The Marine Corps is on the defensive for a second time this month over changes to its famous Infantry Officer Course (IOC).
Military communities were abuzz in early February when officials confirmed that successfully completing the Combat Endurance Test (CET) — the rigorous first stage of IOC — would no longer be a requirement for passing the 13-week course.
The Corps answered criticism on Feb. 7, but found itself in the same position this week as new standards for IOC’s training hikes were revealed.
The course previously required a Marine to complete nine hikes, of which six would be evaluated more carefully and passage required on five of the six. The new standard evaluates just three of the Marine’s hikes, though he must pass all three, Marine Corps Times reported Wednesday.
Brig. Gen. Jason Q. Bohm, the commanding officer of Marine Corps Training Command, told the newspaper that changes were made to better reflect operational reality.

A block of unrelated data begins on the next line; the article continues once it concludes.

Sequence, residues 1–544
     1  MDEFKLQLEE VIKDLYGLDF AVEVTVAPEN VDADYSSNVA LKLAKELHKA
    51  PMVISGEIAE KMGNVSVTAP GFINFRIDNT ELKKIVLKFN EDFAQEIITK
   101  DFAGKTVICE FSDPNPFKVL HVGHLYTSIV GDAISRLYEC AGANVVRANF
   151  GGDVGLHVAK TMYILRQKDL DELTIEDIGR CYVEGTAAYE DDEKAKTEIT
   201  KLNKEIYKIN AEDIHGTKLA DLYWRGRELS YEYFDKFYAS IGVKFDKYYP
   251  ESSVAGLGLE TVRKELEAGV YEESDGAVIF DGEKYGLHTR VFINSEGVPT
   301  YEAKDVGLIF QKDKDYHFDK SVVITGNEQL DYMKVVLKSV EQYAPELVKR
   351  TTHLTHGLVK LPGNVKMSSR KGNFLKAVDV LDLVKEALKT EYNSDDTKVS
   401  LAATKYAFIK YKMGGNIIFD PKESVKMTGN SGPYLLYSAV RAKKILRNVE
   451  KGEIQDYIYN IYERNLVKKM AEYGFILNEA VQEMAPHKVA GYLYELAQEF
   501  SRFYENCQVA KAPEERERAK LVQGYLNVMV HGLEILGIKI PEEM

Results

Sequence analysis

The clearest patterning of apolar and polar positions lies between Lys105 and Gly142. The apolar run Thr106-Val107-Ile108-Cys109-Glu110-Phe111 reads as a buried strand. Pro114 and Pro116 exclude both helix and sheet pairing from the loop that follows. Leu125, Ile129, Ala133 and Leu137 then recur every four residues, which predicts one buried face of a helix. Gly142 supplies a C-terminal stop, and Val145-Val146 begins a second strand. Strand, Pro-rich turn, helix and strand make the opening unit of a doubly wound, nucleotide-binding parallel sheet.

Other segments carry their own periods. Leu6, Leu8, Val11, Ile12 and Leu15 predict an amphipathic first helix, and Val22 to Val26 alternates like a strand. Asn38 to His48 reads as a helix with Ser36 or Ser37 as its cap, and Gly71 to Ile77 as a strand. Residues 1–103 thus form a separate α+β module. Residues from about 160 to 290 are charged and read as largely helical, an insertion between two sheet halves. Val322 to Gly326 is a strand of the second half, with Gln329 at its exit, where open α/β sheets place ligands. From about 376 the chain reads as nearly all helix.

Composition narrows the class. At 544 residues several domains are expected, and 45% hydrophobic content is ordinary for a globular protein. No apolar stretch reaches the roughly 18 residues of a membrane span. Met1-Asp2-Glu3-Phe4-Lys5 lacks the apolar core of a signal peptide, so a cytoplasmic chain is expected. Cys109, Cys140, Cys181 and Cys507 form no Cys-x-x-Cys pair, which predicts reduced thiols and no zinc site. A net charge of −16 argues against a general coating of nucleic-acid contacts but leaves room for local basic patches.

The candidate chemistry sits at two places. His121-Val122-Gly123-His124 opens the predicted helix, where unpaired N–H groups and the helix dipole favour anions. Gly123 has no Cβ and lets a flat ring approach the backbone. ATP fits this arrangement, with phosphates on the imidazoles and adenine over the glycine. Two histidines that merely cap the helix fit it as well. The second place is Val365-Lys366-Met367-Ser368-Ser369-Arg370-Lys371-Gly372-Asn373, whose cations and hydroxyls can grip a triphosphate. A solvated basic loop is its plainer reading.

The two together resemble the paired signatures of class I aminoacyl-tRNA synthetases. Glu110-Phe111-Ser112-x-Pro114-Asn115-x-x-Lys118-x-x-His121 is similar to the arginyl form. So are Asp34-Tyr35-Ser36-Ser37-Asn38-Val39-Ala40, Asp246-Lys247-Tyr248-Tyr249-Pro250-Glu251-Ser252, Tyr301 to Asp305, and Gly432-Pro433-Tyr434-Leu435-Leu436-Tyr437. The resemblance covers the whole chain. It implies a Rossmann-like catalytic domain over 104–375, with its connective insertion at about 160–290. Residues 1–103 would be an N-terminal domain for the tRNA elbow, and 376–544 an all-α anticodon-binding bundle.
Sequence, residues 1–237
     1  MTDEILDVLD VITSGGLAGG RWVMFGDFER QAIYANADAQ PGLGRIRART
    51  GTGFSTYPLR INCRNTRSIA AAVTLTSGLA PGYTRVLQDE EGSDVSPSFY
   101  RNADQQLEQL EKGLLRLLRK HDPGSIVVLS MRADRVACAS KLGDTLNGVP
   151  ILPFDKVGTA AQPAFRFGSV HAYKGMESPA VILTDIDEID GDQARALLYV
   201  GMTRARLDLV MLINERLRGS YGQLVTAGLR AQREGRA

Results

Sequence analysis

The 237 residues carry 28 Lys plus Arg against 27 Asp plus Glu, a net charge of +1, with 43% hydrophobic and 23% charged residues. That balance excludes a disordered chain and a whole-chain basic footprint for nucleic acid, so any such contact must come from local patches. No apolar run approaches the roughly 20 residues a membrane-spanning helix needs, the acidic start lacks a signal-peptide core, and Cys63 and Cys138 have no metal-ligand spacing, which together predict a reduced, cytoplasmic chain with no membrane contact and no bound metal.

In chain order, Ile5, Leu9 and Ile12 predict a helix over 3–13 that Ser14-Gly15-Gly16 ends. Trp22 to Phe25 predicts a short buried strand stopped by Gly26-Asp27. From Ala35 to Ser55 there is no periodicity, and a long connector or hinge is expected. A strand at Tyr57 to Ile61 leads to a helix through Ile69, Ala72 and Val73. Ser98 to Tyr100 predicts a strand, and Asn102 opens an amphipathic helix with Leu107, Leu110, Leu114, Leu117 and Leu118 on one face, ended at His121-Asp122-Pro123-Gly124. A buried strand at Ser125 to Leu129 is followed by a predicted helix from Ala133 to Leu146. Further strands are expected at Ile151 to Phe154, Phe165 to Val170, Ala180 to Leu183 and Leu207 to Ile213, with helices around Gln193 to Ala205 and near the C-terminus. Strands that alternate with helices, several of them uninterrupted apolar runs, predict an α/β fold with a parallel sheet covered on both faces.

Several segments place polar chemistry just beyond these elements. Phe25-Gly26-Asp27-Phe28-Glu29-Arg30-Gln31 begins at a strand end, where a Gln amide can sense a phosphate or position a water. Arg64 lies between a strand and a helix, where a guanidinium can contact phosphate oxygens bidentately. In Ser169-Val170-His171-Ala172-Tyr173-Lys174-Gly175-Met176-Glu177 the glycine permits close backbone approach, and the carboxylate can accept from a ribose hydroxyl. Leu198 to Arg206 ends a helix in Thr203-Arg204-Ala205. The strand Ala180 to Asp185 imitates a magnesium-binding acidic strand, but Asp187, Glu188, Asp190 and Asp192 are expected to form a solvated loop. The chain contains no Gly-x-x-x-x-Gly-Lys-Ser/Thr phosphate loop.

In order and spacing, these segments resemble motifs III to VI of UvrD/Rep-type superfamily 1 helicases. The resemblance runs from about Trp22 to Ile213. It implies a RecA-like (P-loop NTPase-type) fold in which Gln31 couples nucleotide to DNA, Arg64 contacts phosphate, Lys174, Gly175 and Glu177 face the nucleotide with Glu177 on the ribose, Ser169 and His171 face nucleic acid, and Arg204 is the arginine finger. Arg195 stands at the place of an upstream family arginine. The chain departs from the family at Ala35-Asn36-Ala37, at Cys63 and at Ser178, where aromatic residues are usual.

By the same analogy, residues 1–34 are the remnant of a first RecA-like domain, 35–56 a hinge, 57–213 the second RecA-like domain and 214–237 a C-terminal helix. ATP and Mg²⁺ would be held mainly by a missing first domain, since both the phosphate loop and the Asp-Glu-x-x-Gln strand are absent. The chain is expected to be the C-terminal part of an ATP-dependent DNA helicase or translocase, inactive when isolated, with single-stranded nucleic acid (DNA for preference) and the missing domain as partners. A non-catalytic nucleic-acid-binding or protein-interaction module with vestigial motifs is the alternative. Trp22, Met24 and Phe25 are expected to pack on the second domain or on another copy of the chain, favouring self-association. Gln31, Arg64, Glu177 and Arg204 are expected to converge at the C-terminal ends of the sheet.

“Technically what we have done is we have modified graduation requirements, but we actually tie our requirements now more to the T&R [Marine infantry training and readiness manual] standards,” he said. “The course is as hard as it’s ever been. We did not do away with any training events.”
Marine Corps Times noted that only one unnamed female Marine has successfully completed the course, although officials have countered that most IOC failures are men.
“Only 35 women have attempted the course, and only five of those have attended the IOC after the job field was opened to women,” the newspaper reported.
Marine officers who graduate IOC moving forward will:
Participate in a total of nine hikes while passing three evaluations. Conduct CET. Conduct 6 tactical field exercises. “Pass infantry officer physical standards requirements, including a 15 km hike with 105 lbs in 3 hours.” “Cross a 56″ wall unassisted in 30 seconds.” “Conduct a ground casualty evacuation (214 lbs. dummy) in 54 seconds.” “Lift a MK-19 heavy machine gun (77 lbs.) overhead, and rush 300 meters to an objective in 3 minutes 56 seconds.”
“[The change] was not about lowering attrition, it was about making students more successful to complete the course,” Brig. Gen. Bohm added, the newspaper reported.
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